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Link to this Monkees video emailed to me by Kathryn Jeanine, who has gone into fourteen days of mourning.......
Kath made sure that the Monkees were an ongoing musical tradition at the (now defunct) Annual Fourth of July Bashes. At the finale, giggling girls of all ages joyously filled the fireplace room with dancing accompanied by a raucous, enthusiastic, and, at times, off-key cover of Daydream Believer.
The tune was penned by John Stewart, who departed for Rock & Roll Heaven some years ago.
After adjusting for the Fed's continuing assault on the value of the dollar, it turns out that $4.11 per gallon is about the same price as gas was in 1979, when we were sitting in unending lines to buy five gallons of the stuff.
The difference? We can buy any amount of gas we can afford. No lines. Thankee.
Bonus:Audio Only, but you'll love this. If not, you can get a refund at the door.
Unquestionably, this is an impressive Chianti Classico and earned its well-deserved spot on Wine Spectator's top 100 wines of 2010 (slot 47 with a 90 rating). I really enjoyed the wine but I can't say it much better than this.....
This is what Chianti should taste like, with plenty of dark cherry and floral aromas and flavors that say Sangiovese. Fresh and fruity. Drink now
The wine is mild and flavorful, a perfect pairing for any red sauce pasta dishes. If you live in a market-friendly state, you should be able to hook up with this Chianti for under $15.00 U.S. But, if you are really paying attention, you could pay less. At any rate, it should be under $20.00 everywhere.
The Castello D'Alboa Estate is 900 Years Old
Chianti Classico is made primarily from Sangiovese (San Jo Vay Say), which is the prominent grape in Tuscany. Although, Chianti Classico is typically a better class of Chianti, the term Classico doesn't refer to the classic quality of the wine. Instead, Classico is one of eight different producing regions within Chianti appelation in Tuscany, roughly bounded by Florence on the north and Sienna on the south.
Sangiovese thrives on the hot, dry hillsides of Tuscanny and is the most widely planted grape in Italy. The quality of Chianti varies wildly, as anyone who has experienced the harshness of straw bottle Chianti can attest to. It takes careful vineyard techniques and a master winemaker to coax the best out of Sangiovese.
The wine offers a brilliant ruby red color. As time passes, the hue is enriched with garnet tones that, as the years go by, lighten further toward orange with an ochre tint typical of Tuscan wines. The aroma is satisfyingly intense, fine and elegant, with light scents of ripe fruits and violets. As it evolves, the wine develops an appealing bouquet that is full and complex. It possesses a pleasant fullness and an outstanding balance of body and structure. Somewhat austere in its youth, the wine softens with age, becoming velvety and developing prolonged and appealing aromatic persistence.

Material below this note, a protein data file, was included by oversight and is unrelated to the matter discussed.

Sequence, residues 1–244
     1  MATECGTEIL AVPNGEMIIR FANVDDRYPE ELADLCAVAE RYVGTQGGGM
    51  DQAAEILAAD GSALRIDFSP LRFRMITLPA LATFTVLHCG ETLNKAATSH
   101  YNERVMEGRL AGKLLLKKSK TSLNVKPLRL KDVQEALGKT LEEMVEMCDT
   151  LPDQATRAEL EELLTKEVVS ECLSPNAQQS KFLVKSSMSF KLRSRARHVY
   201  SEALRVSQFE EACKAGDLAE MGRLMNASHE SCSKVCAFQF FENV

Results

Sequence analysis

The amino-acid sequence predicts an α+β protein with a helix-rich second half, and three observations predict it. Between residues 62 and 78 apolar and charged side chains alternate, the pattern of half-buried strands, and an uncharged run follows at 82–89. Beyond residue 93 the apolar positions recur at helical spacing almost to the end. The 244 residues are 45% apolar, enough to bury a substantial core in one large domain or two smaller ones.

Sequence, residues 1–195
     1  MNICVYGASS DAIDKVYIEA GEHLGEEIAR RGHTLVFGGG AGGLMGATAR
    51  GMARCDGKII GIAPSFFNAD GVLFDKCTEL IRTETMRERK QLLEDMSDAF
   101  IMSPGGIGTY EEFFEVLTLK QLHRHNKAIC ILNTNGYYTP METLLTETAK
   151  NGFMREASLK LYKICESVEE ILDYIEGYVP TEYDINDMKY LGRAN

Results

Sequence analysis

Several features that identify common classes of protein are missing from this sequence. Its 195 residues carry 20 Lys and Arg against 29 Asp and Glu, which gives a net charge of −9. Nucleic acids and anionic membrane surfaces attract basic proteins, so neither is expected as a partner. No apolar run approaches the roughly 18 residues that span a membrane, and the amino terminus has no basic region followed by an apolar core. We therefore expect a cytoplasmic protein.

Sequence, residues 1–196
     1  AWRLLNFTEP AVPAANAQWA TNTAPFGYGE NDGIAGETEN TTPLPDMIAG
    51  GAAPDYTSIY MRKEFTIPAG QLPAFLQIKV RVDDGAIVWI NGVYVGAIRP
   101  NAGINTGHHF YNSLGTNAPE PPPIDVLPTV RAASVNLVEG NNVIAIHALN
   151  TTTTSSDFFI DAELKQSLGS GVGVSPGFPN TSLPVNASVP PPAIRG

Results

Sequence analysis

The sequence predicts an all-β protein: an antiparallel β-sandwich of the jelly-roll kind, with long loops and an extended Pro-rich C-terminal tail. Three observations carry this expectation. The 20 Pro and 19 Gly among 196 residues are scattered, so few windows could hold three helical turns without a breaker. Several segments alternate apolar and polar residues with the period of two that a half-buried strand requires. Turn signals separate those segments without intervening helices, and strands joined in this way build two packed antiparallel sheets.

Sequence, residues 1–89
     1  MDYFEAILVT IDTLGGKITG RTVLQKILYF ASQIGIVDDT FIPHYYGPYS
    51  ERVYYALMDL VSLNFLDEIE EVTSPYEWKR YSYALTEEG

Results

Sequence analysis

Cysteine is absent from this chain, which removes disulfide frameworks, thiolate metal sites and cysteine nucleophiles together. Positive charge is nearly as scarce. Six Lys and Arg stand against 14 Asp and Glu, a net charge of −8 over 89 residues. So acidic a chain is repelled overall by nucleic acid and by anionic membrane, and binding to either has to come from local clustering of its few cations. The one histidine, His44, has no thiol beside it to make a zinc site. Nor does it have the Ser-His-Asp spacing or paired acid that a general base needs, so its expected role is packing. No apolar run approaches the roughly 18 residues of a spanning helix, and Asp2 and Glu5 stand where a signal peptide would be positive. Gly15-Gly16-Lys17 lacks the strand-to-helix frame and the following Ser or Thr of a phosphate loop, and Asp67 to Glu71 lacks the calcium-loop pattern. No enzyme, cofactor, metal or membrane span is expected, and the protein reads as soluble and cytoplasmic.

My House Blonde sampled Starbucks Blonde at the store and was disappointed when she realized that, in the end, it was black coffee.
They were hawking it by the bag at the local Barista Shop recently. The Guy at the window offered to comp whatever concotion I had just ordered for The House Blonde, if we'd try a pound of Blonde. Seemed fair enough, given that Mrs TWC thought she might want to give it a shot.
I am a bold coffee kind of guy who prefers coffee to crawl down my throat on its own, so I bring my own set of prejudices with me to the breakfast table.
That said, Blonde is a solid coffee, but it isn't a great coffee. I get that Starbucks is looking to lure people like my grandmother, whose coffee was weak enough that the bottom of the cup was clearly visible when filled with Folgers from the percolator. Great stuff for twelve year old mini-me, but will it have broad appeal? I don't know, though I do know a couple of coffee hounds who prefer a mild cup.
Blonde Roast may attract a crossover audience from the Kona crowd I suppose. Good Kona is pricey. Blonde Roast is less costly than good Kona. Hmmm, come to think of it, even bad Kona is expensive. And it seems as though bad Kona coffee is the norm, but that may be my prejudices working again.
Blonde Roast reminds me of a good commercial coffee from the 1960's. Maybe Yuban. Maybe Farmer Brothers. It's pretty good, but I don't buy Yuban, I don't care for restaurant coffee, and I'm not likely to buy another bag of Blonde. Hmm, Bag of Blonde. There's a good joke there somewhere.